When you finish a screenplay and you realize you have no idea in hell what genre it is.
Could be worse. In publishing it makes your life much harder (unless you’re established). In filmland it just means you can enter it in more competitions. It’s horror! It’s comedy! It’s fantasy! It’s a floor wax and a dessert topping!
Just a quick and sobering thought that has been making my brain hurt: for a writer, the Trump campaign demonstrates a basic truth about storytelling.
The more you engage someone emotionally, the less they will care about details like logical consistency or empirical evidence.
This truth is why religion, fiction and confidence games work, though I will refrain from commenting on the degree of overlap between them, or how this makes me in any way like Paul Ryan.
It’s also why most people will forgive lapses of logic in a movie easier than they will a novel. The visual is visceral, if done right. That, and fridge logic has more time to creep in when you’re reading.
I was taking one the last week of May and the first two weeks of June. It was by turns epic, lovely, frustrating (one day soon, Edinburgh. One day soon…) and then pretty much epic again. Some places required cineramicpanomascope treatments:
I got to meet some cool people IRL, reconnect with old friends, learn fascinating things and drive a right-hand RV with a stick. I even got to write, not just on the flight there and back again, but while eating breakfast overlooking Loch Ness (if you must write a synopsis of an unfinished work in a hurry, there are worse places to do so).
What I didn’t do was blog. And then I got back and got busy writing and not blogging, until a combination of guilt and dental pain (do crowns know it’s a holiday weekend? I bet they do, the bastards) brought me here to play catch up.
Which I have now done. Now to run tests on which single malt performs best as a topical anesthetic…
…I need to pick a better name for this supporting character than “Dr. Frenchname.”
Which touches on what’s actually a serious issue for the creative process: when does a decision become a distraction…and are all distractions bad things? I’m thinking of similar tangents in past projects, and at what point I realized the decision had tendrils that ran deeper into the rest of the plot or theme or whatever than I thought at first.
The only criterion I think works for me is annoyance level: if I really, really feel like I need to decide on a detail before I write any more, I do, whether I’m doing true pantsing or sketching out the story or (heavens forfend) outlining. Otherwise NOT dealing the distraction becomes a distraction in itself.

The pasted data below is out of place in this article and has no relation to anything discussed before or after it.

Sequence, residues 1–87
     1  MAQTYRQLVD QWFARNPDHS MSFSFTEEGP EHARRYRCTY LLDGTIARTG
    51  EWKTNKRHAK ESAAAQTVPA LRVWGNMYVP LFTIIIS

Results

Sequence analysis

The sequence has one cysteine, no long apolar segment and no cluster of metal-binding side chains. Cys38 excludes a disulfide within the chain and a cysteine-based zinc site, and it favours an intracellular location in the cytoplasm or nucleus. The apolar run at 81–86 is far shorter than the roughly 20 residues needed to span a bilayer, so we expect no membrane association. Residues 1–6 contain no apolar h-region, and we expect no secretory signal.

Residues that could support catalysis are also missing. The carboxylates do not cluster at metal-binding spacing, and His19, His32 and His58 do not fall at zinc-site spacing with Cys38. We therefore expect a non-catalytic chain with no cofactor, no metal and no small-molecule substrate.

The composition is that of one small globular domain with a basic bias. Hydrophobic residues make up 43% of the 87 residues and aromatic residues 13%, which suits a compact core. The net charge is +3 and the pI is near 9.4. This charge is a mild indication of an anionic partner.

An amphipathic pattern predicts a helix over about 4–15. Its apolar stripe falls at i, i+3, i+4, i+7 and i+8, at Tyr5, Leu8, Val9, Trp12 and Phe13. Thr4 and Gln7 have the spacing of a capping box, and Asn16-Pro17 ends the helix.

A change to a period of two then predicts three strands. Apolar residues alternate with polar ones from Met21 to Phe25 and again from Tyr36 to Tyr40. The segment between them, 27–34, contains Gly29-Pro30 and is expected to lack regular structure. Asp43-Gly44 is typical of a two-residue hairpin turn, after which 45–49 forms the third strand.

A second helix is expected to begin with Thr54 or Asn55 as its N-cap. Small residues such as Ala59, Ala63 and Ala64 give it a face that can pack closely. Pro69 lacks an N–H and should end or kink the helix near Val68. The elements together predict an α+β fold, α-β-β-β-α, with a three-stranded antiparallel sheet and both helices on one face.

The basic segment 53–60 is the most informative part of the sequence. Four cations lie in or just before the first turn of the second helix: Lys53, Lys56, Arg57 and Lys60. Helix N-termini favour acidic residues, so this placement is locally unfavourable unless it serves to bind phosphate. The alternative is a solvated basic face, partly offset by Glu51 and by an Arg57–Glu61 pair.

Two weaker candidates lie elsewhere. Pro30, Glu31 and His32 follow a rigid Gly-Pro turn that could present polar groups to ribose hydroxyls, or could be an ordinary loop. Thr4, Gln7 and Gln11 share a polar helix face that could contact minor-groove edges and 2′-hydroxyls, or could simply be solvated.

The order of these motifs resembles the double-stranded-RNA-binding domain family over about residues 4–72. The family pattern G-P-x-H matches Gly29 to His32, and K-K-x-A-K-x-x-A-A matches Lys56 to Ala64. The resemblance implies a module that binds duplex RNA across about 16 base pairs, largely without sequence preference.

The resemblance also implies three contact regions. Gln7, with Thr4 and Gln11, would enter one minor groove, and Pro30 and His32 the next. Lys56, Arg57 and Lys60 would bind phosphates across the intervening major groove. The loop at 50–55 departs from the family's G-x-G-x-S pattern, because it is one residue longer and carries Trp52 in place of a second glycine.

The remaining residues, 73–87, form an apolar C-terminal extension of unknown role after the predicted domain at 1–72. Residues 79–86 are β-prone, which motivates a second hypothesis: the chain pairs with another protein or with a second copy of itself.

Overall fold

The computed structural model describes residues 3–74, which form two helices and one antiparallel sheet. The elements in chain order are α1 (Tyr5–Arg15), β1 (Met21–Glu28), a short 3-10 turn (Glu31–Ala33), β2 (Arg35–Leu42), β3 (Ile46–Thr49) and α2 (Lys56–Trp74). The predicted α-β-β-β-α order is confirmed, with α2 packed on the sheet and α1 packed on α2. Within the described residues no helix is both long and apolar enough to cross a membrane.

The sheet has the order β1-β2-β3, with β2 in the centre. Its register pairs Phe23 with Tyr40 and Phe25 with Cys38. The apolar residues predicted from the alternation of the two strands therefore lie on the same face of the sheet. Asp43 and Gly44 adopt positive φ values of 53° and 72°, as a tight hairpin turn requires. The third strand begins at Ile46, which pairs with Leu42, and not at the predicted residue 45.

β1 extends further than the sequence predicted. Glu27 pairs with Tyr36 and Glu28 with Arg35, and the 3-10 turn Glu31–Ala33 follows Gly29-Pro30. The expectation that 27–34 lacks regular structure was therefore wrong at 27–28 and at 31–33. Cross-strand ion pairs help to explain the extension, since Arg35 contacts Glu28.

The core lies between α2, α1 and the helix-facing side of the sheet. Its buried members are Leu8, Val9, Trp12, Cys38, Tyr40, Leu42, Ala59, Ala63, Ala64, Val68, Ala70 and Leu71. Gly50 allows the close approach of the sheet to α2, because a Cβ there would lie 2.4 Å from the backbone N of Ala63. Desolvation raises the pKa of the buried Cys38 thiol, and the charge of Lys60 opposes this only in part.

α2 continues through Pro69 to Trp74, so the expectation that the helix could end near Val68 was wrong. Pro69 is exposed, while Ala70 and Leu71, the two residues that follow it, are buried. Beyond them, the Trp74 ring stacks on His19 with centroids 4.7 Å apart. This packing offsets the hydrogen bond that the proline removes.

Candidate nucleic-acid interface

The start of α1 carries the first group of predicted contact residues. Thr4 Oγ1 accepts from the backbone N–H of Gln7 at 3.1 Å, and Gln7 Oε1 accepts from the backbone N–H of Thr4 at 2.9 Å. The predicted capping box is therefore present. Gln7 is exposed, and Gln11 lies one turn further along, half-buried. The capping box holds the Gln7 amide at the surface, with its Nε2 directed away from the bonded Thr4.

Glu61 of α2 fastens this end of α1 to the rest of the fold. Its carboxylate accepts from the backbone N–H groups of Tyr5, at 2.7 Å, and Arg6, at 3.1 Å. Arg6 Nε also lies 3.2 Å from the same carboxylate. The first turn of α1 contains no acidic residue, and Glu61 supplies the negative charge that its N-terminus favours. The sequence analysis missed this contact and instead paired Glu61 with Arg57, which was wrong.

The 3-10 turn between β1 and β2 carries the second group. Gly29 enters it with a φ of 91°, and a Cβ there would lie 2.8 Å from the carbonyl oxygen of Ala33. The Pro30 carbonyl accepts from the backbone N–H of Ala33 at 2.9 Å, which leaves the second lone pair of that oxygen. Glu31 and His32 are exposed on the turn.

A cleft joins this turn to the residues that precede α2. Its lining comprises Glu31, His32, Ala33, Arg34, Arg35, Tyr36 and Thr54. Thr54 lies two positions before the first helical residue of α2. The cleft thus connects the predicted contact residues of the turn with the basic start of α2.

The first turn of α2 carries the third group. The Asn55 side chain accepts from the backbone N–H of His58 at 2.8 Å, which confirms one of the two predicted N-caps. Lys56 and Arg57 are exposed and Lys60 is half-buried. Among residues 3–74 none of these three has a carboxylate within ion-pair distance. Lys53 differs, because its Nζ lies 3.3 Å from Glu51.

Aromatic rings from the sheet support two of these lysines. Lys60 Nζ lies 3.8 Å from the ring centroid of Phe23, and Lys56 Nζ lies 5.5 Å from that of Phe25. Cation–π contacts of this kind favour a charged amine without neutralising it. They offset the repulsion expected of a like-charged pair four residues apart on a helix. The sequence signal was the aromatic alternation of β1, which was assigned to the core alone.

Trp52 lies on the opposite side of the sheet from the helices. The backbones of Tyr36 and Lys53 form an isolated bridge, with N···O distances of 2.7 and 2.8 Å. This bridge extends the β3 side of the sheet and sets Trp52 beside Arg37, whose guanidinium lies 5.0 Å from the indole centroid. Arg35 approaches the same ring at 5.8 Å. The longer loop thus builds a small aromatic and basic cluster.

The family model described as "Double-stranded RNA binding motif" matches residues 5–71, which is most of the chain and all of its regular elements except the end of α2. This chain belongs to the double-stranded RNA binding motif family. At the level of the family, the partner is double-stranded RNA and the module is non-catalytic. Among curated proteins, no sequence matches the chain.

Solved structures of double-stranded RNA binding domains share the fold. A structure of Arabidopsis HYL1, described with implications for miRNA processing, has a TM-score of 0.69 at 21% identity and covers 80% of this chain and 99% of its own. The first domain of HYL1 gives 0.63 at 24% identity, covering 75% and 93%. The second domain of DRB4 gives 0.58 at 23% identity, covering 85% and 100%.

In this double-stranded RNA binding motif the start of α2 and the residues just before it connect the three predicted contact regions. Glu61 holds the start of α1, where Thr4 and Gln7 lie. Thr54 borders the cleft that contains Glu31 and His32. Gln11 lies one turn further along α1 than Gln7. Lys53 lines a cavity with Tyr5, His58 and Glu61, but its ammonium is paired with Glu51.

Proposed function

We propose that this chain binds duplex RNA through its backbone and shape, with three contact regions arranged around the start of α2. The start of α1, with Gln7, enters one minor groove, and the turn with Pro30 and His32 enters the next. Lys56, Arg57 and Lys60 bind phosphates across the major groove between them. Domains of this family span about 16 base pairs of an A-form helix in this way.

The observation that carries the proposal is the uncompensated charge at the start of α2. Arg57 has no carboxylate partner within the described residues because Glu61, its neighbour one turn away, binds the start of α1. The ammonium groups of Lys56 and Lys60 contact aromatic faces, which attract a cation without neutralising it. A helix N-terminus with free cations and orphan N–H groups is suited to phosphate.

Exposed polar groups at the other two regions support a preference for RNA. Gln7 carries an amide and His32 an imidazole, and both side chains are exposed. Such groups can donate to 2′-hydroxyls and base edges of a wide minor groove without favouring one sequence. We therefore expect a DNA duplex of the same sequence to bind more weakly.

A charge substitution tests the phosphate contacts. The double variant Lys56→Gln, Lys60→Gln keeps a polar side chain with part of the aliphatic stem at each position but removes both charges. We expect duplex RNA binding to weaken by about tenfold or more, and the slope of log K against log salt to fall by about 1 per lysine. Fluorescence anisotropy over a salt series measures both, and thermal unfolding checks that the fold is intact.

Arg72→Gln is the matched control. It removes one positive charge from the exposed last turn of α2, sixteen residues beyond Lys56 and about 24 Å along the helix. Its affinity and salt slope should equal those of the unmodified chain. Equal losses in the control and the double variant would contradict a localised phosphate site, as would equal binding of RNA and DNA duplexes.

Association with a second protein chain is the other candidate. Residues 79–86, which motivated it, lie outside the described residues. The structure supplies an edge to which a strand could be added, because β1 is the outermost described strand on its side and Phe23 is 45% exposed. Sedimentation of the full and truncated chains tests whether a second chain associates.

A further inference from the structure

So far I don’t feel that way about this one, but then, the character hasn’t actually appeared yet. It will be interesting to see whether I start getting the itch to name him when he starts interacting with the protagonist et al.
a) my agent reading my middle-grade novel
b) the screenplay version of that novel entered in a number of contests, after winning or being a finalist in a dozen or so.
c) another screenplay entered in more contests
d) a TV pilot entered in a contest
e) a screenplay ready to go to a mentor I’ll be working with for six months
f) other projects in other places
So it’s not like I’m slacking off. Except I have been feeling like I am, in fact, slacking off, because all of the above are versions of existing work, anywhere from a year to five years old, that I either rewrote, repackaged, or otherwise reconstrued.
I didn’t have a new idea in the works, and that bothered me.
It evidently bothered me a lot, because right before I woke up this morning I had a Grade-A cinematic nightmare. We’re talking full-fledged horror plot with five ironic reversals, four well-defined characters, three supremely creepy visuals, two zombie French Hens and a partridge being eaten by a combination pear tree and Venus Flytrap.
Okay, I made the last two up. But still. I recall enough to outline it. I could probably write a half-dozen scenes from it right now.
So, fellow writers and other creative types, if you ever feel like you’re running on empty, eat something vile, or turn the heat up a little too high, or do whatever it takes to make your brain go apeshit in REM. What’s the worst that can happen?*
*–Note: the author assumes no liability for nor implies any warranty against something much worse happening.
I really, really wanted a grain elevator explosion in the screenplay. But it’s hard to justify when a crucial plot point revolves around the atmosphere having about two percent oxygen.
*writes in superfluous liquid oxygen tanks at grain elevator*
In other news: for all its travails and rage-inducing injustice, a world where This Is Spinal Tap has 8 out of 11 stars at IMDB can’t be all bad.
It’s hard to concentrate. That is all.